Sid Meier’s Civilization: A New Dawn is a strategy board game based on the Civilization VI video game. Developed by Fantasy Flight Games, A New Dawn isn’t the first game in Sid Meier’s celebrated franchise that the company has created for tabletops. But it does aim to be a more streamlined version of the same formula, playable within two hours. That begs the question: how well can Civilization translate into a tighter package? As it turns out, incredibly well. Civilization: A New Dawn is an absolute joy to play, delivering the same thoughtful mechanics that makes the PC series so addicting.
Civilization: A New Dawn, as with its electronic brethren, is a game about efficiency and expansion. Players are constantly faced with meaningful decisions regarding their civilization’s development, ultimately leading a nation from the humble origins of a single city to a sprawling empire of wonders and advanced technology. At least, that’s what every player wants to accomplish. Plans crumble and shift in response to the actions of neighbors, the movements of barbarian hordes, or the rolling of dice. That’s all part of what makes A New Dawn so engaging.
Of course, the game looks just as much as it feels like Civilization. The box contains loads of different tokens, plastic city and caravan figures, tiles, cards, and dials. The production values of all these pieces are high, and the art on many of the cards is wonderfully evocative of the PC game series. In fact, the leaders on the faction sheets are pulled straight from Civilization VI. The map itself is hex-based, constructed using dual-sided tiles that can be randomized to create relatively unique boards. Resources, natural wonders, barbarians, and city states take the form of tokens placed on the map. Decks of cards represent technologies to develop, world wonders to build, victory conditions to complete, and diplomacy bonuses to earn.
There are lots of little pieces to set up (I recommend liberal use of snack bags), but A New Dawn isn’t a difficult game to learn. It can be taught in under ten minutes, especially once a round is demonstrated. Every player starts out with the same set of five cards. These cards symbolize various aspects of your civilization: culture, science, economy, industry, and military. They’re essentially your actions, and you can only play one per turn. But the decision-making process doesn’t just involve what card is being played. There’s an additional emphasis on when it’s being used, as well. Therein lies the fun.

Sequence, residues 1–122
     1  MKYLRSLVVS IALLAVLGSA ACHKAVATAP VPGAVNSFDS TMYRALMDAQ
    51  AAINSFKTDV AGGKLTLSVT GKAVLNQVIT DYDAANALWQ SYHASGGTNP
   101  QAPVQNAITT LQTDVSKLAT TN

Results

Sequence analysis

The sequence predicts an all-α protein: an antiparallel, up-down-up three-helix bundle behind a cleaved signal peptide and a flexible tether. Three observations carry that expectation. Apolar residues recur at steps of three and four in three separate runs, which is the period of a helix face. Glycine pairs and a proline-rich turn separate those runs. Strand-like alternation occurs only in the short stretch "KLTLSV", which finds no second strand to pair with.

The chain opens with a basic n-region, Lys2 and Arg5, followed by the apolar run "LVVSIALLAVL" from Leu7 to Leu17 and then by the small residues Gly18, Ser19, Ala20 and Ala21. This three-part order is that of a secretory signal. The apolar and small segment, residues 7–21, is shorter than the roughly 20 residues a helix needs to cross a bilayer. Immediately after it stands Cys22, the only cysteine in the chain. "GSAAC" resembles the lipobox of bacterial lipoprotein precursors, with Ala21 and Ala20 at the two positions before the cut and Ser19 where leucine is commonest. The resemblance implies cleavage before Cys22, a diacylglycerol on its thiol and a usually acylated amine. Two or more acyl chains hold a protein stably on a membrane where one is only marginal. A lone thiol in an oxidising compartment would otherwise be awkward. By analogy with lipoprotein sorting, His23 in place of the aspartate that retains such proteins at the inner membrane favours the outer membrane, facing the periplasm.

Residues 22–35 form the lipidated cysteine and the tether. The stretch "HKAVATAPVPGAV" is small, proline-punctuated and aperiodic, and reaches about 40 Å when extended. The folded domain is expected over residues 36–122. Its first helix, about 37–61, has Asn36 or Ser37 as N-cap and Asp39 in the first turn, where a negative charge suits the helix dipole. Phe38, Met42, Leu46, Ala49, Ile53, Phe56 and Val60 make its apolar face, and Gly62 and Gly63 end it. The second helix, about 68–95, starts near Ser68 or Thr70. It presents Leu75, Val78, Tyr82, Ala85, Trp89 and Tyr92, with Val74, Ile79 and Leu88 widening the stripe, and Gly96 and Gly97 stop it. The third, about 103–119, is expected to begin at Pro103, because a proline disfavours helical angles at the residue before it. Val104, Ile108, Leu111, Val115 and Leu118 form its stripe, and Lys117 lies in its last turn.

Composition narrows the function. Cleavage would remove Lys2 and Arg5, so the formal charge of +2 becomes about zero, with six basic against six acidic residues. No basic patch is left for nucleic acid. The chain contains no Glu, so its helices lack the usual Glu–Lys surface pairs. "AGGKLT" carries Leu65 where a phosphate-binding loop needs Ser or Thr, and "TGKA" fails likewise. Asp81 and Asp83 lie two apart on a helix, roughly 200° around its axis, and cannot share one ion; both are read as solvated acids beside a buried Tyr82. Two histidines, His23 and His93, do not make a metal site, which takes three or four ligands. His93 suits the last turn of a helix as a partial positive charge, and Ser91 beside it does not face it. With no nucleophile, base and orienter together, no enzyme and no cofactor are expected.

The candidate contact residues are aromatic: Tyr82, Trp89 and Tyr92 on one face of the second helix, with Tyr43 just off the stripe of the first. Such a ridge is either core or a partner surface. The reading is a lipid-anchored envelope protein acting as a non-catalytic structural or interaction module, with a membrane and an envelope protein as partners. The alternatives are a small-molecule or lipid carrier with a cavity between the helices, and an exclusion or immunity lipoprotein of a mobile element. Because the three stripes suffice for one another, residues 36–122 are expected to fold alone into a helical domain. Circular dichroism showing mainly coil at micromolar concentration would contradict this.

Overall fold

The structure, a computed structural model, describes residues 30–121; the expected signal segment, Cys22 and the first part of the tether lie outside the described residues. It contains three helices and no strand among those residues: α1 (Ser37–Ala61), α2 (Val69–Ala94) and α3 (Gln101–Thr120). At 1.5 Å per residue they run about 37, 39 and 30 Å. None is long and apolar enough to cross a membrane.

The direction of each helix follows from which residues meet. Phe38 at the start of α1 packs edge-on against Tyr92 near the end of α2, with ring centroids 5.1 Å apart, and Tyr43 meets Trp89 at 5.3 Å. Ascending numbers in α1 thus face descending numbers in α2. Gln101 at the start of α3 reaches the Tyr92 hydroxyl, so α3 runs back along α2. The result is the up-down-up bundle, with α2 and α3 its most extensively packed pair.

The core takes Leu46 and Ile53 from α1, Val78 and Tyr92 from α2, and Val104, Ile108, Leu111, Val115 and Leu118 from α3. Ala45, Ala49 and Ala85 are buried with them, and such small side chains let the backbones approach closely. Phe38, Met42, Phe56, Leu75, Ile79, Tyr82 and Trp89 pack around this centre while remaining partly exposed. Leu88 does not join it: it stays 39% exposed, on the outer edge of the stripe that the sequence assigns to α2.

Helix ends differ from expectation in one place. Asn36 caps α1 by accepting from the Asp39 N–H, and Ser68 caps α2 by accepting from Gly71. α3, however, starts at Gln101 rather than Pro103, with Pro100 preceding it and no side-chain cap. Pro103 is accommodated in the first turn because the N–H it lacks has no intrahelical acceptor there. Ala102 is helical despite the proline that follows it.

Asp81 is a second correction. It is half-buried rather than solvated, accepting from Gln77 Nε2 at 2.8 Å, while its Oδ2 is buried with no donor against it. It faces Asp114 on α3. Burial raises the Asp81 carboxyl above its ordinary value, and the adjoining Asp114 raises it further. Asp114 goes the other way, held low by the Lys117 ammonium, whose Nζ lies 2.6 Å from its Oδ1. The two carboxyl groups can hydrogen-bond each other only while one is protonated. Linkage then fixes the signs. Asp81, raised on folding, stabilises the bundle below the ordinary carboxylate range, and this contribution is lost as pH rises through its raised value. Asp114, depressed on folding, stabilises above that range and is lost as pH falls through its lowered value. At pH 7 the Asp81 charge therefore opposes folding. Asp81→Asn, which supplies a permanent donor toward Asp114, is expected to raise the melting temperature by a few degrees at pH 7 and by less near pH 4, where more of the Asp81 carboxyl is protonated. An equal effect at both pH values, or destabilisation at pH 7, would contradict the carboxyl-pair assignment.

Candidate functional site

You see, the cards are placed under what’s referred to as a focus bar. The bar consists of five slots, one for each card, which are both numbered and reference specific terrain types. Where a focus card is in the row determines its strength. This results in either a flat value or dictates where on the map an action can be made.
For example, if you want to expand your borders and claim resources by placing control tokens around friendly cities, send caravans to distant rivals to earn consumable trade goods and diplomacy cards for the potent buffs they can provide, or build new cities entirely, where all those tokens and plastic figures can be placed is governed by the terrain indicated on a focus bar slot for culture, economy, and industry cards. Meanwhile, the slot number stipulates how far to advance a technology dial to unlock new focus cards that then replace existing ones, how much production you have toward constructing wonders, and how many control tokens can be reinforced or the base attack value you have when performing strikes with science, industry, and military cards respectively.
What makes all of this so compelling is that once a card is used, is moves back into the very first slot under the focus bar while all the rest move forward. That creates dilemmas. But it also creates opportunities develop with and execute plans. It’s intellectually satisfying to see a path forward for your civilization, carry it out in a number of steps, and reap the rewards before another player can reach a resource or build a particular wonder that you want. When someone yells out, “I was going to build that!” you can’t help but smile.